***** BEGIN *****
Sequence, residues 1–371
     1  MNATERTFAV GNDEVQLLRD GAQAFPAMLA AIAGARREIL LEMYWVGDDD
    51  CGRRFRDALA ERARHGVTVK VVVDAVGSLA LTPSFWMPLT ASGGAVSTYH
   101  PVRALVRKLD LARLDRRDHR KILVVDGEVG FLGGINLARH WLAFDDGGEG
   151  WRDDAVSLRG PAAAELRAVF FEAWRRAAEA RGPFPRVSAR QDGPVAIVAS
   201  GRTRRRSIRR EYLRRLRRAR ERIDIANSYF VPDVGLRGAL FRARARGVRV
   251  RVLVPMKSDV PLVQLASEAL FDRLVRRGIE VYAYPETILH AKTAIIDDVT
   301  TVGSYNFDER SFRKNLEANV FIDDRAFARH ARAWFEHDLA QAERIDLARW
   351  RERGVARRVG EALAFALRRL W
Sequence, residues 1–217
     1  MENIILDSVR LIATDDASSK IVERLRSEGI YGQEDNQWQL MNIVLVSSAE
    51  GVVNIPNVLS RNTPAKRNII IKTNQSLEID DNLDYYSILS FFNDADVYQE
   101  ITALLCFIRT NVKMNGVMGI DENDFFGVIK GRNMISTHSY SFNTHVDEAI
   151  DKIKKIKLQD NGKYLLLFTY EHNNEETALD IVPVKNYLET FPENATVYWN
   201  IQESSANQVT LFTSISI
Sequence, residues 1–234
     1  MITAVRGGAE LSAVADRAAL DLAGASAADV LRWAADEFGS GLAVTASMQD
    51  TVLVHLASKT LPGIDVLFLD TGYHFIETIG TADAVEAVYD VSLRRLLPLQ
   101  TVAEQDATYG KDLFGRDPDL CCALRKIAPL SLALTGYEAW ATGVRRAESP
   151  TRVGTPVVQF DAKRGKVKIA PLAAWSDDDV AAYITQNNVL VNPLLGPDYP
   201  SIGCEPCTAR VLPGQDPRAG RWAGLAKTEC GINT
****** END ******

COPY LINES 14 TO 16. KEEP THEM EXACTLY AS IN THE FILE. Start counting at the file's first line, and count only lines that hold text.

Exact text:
   151  DKIKKIKLQD NGKYLLLFTY EHNNEETALD IVPVKNYLET FPENATVYWN
   201  IQESSANQVT LFTSISI
Sequence, residues 1–234